year = {2023}
    }
    

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  • TY  - JOUR
    T1  - Impact of Somatic Cell Count on Milk Yield, Milk Composition, and Growth Performance in Zaraibi Goats During Different Physiological Stages of Lactation Period
    AU  - Ahmed Abdelrazek Gabr
    AU  - Mohamed Ibrahim Ahmed
    AU  - Rasha Abdalla Hawas
    Y1  - 2023/08/17
    PY  - 2023
    N1  - https://doi.org/10.11648/j.aap.20230802.11
    DO  - 10.11648/j.aap.20230802.11
    T2  - Advances in Applied Physiology
    JF  - Advances in Applied Physiology
    JO  - Advances in Applied Physiology
    SP  - 32
    EP  - 39
    PB  - Science Publishing Group
    SN  - 2471-9714
    UR  - https://doi.org/10.11648/j.aap.20230802.11
    AB  - The study investigated the effect of different somatic cell count (SCC) classes on milk production traits and growth of Zaraibi does and kids at three distinct physiological stages during lactation. A total of 150 milk samples obtained from 50 goats at milk peak, kids weaning, and meeting periods (days of 50, 100 and 150) were analyzed. The goats were selected based on strict criteria, including the same age, kidding date, low milk SCC, and no udder problems. The goats were divided into three classes based on overall milk SCC values: SCG1 (≤315x103 cells/mL), SCG2 (316-335x103 cells/mL), and SCG3 (>335 x103 cells/mL). The results showed that although there were significant differences between SCC1 and SCC2 classes in SCC and log SCC at different stages of lactation, there were no significant differences in milk production and composition. The daily milk yield decreased significantly with increased SCC level (> 335x103 cells/mL), and the highest milk losses were observed. The milk composition followed the same pattern of significant differences among SCC classes during different lactation stages, with the highest values observed in the highest SCC class (> 335x103 cells/mL). The daily milk yield decreased gradually with increasing lactation stage, while SCC values increased gradually. The does’ body weight did not change significantly by lactation stage. Overall, the findings suggest that SCC level of > 335x103 cells/mL has a significant effect on milk production and composition, but not on growth traits of Zaraibi does’ and kids during different stages of lactation. These findings could be useful for dairy farmers to manage their herds and optimize milk production to produce high-quality dairy products.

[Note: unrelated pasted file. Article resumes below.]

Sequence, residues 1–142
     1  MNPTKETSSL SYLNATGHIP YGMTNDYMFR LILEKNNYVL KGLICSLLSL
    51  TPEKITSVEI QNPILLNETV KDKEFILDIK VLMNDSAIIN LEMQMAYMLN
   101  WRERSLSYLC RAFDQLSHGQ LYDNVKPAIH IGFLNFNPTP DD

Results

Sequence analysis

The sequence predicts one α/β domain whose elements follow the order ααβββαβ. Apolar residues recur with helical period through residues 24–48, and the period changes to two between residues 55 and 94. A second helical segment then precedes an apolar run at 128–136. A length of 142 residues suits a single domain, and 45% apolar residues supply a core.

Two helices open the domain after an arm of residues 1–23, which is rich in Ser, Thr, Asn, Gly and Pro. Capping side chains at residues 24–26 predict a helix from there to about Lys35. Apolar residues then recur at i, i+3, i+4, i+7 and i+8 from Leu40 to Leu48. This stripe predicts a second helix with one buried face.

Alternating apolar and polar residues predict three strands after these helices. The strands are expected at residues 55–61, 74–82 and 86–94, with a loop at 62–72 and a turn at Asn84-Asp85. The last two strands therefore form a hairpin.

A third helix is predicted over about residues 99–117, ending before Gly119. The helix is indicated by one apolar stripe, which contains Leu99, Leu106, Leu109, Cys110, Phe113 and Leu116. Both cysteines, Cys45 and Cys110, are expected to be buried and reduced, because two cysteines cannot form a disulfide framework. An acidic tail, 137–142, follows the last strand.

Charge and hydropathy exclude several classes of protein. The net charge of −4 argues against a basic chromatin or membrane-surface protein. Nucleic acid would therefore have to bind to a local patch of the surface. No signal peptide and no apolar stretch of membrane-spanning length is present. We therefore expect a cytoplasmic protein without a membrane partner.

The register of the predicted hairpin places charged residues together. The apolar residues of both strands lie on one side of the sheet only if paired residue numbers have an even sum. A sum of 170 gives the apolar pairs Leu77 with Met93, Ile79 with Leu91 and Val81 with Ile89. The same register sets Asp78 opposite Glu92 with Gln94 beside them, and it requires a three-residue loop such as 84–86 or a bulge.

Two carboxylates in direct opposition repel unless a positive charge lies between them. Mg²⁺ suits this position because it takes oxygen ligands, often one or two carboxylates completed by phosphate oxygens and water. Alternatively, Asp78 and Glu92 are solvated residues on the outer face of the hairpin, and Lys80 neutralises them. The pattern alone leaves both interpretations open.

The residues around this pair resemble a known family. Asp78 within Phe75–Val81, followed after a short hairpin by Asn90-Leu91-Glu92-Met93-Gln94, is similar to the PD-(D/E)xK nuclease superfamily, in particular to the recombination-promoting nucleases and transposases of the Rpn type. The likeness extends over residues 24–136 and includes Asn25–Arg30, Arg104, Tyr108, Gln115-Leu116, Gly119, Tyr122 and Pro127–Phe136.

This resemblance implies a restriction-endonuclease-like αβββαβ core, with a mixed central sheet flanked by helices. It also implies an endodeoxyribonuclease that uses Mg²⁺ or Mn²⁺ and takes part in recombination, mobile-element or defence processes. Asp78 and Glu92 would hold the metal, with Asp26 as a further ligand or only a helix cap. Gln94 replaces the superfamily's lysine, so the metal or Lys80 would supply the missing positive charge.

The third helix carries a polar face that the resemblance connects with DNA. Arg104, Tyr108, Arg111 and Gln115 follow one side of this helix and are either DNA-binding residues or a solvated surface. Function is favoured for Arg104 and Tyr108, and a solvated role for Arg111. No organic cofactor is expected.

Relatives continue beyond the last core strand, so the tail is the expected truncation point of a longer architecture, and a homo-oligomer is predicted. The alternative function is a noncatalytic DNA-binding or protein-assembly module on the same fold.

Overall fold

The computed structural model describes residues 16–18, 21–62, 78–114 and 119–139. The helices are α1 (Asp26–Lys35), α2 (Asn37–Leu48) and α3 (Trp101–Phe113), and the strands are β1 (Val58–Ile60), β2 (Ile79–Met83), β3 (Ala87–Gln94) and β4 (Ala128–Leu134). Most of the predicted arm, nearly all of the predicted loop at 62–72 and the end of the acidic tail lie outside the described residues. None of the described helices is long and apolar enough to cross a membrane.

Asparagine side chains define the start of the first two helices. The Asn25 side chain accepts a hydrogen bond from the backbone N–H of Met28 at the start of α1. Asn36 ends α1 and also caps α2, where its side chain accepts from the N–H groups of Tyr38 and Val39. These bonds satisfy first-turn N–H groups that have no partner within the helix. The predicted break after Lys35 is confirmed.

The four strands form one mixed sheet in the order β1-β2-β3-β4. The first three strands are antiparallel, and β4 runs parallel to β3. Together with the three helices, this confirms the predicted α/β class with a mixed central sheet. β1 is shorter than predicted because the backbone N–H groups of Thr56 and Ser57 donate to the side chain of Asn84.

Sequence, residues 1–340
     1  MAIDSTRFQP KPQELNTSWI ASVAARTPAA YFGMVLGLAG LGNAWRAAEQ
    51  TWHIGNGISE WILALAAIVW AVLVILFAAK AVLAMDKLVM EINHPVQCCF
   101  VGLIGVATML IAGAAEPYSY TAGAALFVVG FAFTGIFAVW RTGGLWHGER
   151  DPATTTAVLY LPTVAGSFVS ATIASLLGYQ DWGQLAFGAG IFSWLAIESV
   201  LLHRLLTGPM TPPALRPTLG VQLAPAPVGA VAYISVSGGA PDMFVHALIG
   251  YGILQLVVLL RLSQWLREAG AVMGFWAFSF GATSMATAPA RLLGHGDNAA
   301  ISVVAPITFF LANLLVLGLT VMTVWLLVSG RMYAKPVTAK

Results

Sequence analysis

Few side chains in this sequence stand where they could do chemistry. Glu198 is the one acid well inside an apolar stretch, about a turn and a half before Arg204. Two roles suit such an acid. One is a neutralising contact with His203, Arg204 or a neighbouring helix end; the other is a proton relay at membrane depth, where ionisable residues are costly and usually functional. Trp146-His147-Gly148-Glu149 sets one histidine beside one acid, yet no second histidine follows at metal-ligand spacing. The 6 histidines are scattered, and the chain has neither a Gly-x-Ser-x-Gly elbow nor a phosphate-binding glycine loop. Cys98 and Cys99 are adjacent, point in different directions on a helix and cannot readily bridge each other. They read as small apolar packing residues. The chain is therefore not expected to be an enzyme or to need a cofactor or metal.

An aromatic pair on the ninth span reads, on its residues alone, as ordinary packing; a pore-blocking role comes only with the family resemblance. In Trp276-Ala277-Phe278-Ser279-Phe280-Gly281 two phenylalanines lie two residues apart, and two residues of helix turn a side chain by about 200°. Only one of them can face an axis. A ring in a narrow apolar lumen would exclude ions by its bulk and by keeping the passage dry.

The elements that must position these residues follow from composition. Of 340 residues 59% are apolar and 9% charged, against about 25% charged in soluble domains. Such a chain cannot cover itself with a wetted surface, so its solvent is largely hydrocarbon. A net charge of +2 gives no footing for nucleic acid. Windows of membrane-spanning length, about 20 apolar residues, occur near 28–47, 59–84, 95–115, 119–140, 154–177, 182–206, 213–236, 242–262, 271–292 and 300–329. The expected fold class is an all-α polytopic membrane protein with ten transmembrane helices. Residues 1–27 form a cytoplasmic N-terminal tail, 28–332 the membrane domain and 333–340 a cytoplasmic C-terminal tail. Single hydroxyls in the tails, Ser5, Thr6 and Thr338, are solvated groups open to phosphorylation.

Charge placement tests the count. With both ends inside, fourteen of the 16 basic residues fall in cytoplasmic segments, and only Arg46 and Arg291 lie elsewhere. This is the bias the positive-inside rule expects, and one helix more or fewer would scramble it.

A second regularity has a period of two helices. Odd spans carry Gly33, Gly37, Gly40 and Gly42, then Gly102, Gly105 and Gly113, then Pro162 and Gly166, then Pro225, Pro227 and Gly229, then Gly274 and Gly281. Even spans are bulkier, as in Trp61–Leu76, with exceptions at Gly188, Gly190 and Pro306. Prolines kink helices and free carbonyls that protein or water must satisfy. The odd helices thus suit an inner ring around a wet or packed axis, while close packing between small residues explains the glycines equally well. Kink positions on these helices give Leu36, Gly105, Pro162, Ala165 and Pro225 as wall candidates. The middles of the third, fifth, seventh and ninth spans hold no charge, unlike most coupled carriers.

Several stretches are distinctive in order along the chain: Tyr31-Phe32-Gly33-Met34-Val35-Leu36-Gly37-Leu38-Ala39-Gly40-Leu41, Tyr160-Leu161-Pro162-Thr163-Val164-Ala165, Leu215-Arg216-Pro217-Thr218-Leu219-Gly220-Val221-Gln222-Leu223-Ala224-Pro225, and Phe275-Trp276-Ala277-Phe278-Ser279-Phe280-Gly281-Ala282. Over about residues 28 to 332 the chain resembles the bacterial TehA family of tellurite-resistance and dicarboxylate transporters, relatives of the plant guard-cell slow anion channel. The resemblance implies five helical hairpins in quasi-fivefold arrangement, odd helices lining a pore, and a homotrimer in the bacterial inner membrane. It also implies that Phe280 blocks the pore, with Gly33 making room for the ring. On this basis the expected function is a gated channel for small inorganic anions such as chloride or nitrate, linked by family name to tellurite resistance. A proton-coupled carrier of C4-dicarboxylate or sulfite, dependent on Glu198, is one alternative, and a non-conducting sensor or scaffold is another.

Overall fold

VL  - 8
    IS  - 2
    ER  - 

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Author Information
  • Department of Animal Production, Faculty of Agriculture, Mansoura University, Mansoura, Egypt

  • Animal Production Research Institute, Ministry of Agriculture, Giza, Egypt

  • Department of Animal Production, Faculty of Agriculture, Mansoura University, Mansoura, Egypt; Animal Production Research Institute, Ministry of Agriculture, Giza, Egypt